Academic integrity is a core part of our culture as a community of scholars. At its heart, academic integrity is about behaving ethically. This means that all members of the community commit to honest and responsible scholarly practice and to upholding these values with respect and fairness. The Australian National University commits to embedding the values of academic integrity in our teaching and learning. We ensure that all members of our community understand how to engage in academic work in ways that are consistent with, and actively support academic integrity. The ANU expects staff and students to uphold high standards of academic integrity and act ethically and honestly, to ensure the quality and value of the qualification that you will graduate with. The University has policies and procedures in place to promote academic integrity and manage academic misconduct. Visit the following Academic honesty & plagiarism website for more information about academic integrity and what the ANU considers academic misconduct. The ANU offers a number of services to assist students with their assignments, examinations, and other learning activities. The Academic Skills and Learning Centre offers a number of workshops and seminars that you may find useful for your studies.
Assignments are submitted using Turnitin in the course Wattle site. You will be required to electronically sign a declaration as part of the submission of your assignment. Please keep a copy of the assignment for your records.
For some forms of assessment (hand written assignments, art works, laboratory notes, etc.) hard copy submission is appropriate when approved by the Associate Dean (Education). Hard copy submissions must utilise the Assignment Cover Sheet. Please keep a copy of tasks completed for your records.
Extensions and late submission of assessment pieces are covered by the Student Assessment (Coursework) Policy and Procedure. The Course Convener may grant extensions for assessment pieces that are not examinations or take-home examinations. If you need an extension, you must request it in writing on or before the due date. If you have documented and appropriate medical evidence that demonstrates you were not able to request an extension on or before the due date, you may be able to request it after the due date.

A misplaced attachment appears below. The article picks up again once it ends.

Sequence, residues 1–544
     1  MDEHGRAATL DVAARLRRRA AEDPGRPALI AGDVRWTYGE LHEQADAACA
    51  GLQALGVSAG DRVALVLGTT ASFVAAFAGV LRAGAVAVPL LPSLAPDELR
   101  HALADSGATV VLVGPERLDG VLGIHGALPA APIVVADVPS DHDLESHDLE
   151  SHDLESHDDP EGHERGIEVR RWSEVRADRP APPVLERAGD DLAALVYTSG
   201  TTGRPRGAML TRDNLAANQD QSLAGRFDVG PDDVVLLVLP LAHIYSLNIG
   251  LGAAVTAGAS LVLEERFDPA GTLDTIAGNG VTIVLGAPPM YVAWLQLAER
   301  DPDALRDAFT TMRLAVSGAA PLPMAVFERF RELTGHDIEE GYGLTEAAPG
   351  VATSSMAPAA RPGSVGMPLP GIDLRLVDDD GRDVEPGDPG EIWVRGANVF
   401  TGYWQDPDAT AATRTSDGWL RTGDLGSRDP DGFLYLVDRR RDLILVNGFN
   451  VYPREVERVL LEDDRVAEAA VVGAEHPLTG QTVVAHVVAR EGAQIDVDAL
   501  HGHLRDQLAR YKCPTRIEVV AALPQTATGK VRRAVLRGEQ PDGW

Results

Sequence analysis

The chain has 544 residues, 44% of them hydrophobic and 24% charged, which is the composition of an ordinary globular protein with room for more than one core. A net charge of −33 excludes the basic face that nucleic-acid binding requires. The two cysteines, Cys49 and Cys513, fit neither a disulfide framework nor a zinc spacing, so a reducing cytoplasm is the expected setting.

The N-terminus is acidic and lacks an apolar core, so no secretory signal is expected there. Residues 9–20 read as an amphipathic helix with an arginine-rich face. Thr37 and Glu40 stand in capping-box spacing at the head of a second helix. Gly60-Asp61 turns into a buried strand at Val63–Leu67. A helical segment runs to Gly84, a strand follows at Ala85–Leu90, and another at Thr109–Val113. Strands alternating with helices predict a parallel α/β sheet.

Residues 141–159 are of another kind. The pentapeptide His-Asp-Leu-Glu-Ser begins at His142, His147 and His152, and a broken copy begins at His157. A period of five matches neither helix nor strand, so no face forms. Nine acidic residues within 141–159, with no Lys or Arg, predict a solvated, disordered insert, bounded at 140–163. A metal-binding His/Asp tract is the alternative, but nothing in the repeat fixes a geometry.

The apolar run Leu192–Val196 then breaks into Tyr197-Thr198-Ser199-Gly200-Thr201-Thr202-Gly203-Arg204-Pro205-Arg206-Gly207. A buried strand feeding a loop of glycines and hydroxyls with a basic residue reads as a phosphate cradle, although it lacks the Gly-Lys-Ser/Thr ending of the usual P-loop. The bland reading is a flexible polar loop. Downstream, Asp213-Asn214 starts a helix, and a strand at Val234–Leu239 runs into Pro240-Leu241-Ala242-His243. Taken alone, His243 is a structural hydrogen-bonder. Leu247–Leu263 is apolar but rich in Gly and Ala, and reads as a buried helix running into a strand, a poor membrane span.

Late submission of assessment tasks without an extension are penalised at the rate of 5% of the possible marks available per working day or part thereof. Late submission of assessment tasks is not accepted after 10 working days after the due date, or on or after the date specified in the course outline for the return of the assessment item. Late submission is not accepted for take-home examinations.
Accepted academic practice for referencing sources that you use in presentations can be found via the links on the Wattle site, under the file named “ANU and College Policies, Program Information, Student Support Services and Assessment”. Alternatively, you can seek help through the Students Learning Development website.
Extensions and Penalties
Extensions and late submission of assessment pieces are covered by the Student Assessment (Coursework) Policy and Procedure. The Course Convener may grant extensions for assessment pieces that are not examinations or take-home examinations. If you need an extension, you must request an extension in writing on or before the due date. If you have documented and appropriate medical evidence that demonstrates you were not able to request an extension on or before the due date, you may be able to request it after the due date.
Resubmission of Assignments
Resubmission of assignments is not permitted.
Distribution of grades policy
Academic Quality Assurance Committee monitors the performance of students, including attrition, further study and employment rates and grade distribution, and College reports on quality assurance processes for assessment activities, including alignment with national and international disciplinary and interdisciplinary standards, as well as qualification type learning outcomes.
Since first semester 1994, ANU uses a grading scale for all courses. This grading scale is used by all academic areas of the University.
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Natural Resource Management, Palaeoclimatology, Palaeoecology, Plant Physiology, Archaeological Science, Terrestrial Ecology, Tree Nutrition And Physiology, Landscape Ecology, Forestry Sciences
Dr Matthew Brookhouse
Dr Matthew Brookhouse
Shun Deng Fam
Alexander Van Der Meer Simo